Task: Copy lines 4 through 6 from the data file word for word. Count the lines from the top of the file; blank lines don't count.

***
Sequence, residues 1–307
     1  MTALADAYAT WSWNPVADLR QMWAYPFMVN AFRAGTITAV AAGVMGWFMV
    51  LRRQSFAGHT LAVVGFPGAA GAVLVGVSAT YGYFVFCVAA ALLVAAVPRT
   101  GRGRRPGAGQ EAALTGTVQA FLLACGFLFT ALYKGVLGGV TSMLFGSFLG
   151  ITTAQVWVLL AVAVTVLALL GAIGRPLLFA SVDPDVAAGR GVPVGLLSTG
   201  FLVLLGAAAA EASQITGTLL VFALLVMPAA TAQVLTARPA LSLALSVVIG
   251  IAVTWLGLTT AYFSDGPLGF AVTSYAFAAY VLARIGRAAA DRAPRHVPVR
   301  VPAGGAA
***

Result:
   101  GRGRRPGAGQ EAALTGTVQA FLLACGFLFT ALYKGVLGGV TSMLFGSFLG
   151  ITTAQVWVLL AVAVTVLALL GAIGRPLLFA SVDPDVAAGR GVPVGLLSTG
   201  FLVLLGAAAA EASQITGTLL VFALLVMPAA TAQVLTARPA LSLALSVVIG